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Trust in Parliament Died When Ideology Died

Posted on Friday, April 9, 2010 in constitutional reform, government, Politics

Roy Hattersley is right. We can say ‘good riddance’ to this disgrace of a parliament, after the expenses scandal, cash-for-lobbying, the undemocratic railroading of the Digital Economy Bill and so many other deliberate failures:

Events in the House of Commons are to blame. Even in the golden age of Gladstone and Disraeli, Members of Parliament were unpopular. Today they are held in contempt. The one hope for this year’s place in political history is that it will mark a turning point — the year when the rehabilitation of democracy began. Perhaps things had to get this bad before they got better.

The superficial explanation for the voters’ antipathy to politicians is summed up in one damning word: corruption. It is impossible — believe me, I have tried — to convince the general public of the basic truth that we have a fundamentally honest Parliament and most of its members are men and women of principle. But the expenses scandal and the humiliating television pictures of former ministers touting for work were regarded only as confirmation of what the people already knew. The past five years have reinforced the belief that politicians have no firm convictions. The question that overshadows all the parties is: “But what do they stand for?”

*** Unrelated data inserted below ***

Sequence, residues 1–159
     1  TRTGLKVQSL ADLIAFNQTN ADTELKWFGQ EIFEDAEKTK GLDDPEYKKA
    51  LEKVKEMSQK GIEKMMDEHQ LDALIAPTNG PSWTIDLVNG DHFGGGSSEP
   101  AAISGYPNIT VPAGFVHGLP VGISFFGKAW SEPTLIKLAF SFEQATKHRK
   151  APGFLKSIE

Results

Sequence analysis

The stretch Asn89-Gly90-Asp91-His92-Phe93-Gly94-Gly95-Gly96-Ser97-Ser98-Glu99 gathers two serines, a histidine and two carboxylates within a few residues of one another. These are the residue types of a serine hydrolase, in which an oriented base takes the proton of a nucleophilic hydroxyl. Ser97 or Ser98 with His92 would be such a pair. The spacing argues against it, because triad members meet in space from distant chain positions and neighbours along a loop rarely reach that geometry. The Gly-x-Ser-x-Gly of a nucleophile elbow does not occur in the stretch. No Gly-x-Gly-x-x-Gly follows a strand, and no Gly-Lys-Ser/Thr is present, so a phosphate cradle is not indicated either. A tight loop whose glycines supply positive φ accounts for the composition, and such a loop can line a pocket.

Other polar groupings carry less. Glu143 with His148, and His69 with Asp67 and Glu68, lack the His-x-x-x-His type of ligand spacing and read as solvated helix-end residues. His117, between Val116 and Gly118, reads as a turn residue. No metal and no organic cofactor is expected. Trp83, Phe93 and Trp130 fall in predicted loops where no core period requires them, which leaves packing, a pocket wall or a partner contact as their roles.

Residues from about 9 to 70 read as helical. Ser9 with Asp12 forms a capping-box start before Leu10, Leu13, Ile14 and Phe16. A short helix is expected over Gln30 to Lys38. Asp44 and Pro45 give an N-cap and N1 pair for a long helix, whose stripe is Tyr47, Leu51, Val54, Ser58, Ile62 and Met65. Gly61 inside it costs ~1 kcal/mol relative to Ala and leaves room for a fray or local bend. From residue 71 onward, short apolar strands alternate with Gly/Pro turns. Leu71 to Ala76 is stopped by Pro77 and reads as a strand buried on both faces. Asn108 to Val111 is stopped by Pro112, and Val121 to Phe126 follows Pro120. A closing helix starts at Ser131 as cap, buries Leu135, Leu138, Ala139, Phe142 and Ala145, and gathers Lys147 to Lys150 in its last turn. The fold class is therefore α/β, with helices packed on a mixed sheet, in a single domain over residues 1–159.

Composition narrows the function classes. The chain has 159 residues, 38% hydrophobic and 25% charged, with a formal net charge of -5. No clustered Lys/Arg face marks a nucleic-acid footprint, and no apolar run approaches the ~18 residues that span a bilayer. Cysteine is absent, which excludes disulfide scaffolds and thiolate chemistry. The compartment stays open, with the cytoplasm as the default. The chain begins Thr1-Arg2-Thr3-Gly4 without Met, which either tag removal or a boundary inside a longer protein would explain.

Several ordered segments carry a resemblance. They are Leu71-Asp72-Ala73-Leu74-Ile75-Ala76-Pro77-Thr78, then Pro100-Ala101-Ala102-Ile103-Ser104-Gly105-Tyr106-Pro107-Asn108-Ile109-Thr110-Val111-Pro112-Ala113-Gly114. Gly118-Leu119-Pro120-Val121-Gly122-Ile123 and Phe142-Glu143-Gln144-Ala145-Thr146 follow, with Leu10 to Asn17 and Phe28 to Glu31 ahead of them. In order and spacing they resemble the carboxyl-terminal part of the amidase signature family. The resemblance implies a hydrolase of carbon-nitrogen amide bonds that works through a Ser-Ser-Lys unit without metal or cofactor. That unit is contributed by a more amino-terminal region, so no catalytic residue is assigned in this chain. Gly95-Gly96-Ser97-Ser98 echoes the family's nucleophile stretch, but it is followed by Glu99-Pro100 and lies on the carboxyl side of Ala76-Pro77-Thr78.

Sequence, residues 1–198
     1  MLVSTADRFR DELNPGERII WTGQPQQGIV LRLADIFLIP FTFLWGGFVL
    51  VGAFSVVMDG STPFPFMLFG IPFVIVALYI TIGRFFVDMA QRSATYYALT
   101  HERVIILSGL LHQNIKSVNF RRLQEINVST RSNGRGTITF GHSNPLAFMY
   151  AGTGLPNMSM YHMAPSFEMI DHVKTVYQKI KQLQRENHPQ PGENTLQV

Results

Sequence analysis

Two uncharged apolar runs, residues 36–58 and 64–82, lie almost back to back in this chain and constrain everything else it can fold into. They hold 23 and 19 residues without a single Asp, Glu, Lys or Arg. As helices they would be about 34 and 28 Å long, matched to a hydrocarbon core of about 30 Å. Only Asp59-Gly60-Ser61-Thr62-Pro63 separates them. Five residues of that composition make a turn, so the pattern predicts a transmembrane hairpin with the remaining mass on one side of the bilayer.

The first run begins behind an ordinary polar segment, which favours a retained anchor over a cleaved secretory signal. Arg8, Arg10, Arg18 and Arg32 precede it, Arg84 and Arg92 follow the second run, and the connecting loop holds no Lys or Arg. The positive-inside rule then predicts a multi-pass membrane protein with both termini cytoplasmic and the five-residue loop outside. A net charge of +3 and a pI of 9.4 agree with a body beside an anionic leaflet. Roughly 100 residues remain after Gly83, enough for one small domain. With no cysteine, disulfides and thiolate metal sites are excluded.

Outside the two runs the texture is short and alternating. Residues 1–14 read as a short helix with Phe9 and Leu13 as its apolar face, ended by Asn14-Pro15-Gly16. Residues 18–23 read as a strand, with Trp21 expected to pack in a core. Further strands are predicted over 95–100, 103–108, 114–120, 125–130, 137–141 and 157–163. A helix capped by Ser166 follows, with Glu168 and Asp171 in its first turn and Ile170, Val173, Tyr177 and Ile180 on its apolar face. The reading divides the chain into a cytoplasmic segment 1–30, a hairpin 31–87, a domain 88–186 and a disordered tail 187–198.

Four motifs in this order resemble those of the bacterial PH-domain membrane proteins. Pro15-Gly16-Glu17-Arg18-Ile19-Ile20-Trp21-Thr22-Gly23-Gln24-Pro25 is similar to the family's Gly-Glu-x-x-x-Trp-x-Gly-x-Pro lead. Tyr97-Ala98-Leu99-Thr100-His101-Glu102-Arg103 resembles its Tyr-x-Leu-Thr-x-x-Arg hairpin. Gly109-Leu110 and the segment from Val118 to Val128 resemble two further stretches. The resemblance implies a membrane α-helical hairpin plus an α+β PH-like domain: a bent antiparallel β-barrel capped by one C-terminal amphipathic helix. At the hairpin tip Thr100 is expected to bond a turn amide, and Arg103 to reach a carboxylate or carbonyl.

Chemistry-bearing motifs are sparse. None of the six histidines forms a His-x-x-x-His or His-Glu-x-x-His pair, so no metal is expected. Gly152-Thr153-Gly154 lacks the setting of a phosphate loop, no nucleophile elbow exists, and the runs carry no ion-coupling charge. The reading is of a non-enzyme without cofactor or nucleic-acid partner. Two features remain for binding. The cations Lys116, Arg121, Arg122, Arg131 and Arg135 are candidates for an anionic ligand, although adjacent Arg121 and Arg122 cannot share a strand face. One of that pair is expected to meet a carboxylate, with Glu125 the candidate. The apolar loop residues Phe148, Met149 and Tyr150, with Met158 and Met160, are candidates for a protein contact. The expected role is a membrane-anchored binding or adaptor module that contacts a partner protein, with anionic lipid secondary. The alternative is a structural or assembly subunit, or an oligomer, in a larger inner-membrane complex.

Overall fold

Easy: they stand for power, gaining it and retaining it at all costs, and New Labour has turned that into its entire raison d’etre. This is not what people want. Except with the voting system we have, where is the genuine pressure to force a tipping point? Hattersley thinks it’s already happened, but the signing of the Digital Economy Bill into law today suggests we’re far from one. When all parties are competing for a small number of floating voters in a very few marginal constituencies why should MPs care one iota what we think or want?  The electorate wants a return to ideology, but even an unprecedentedly large social media campaign couldn’t bring that about. Labour dropped its commitment to a referendum on voting reform; the Tories have no interest in reform at all, so I personally have no idea at all where this corruption is going to end. The likeliest immediate outcome will be a growth in apathy and extremism long after this parliament, and these power-hungry, self-serving idiots will be to blame.

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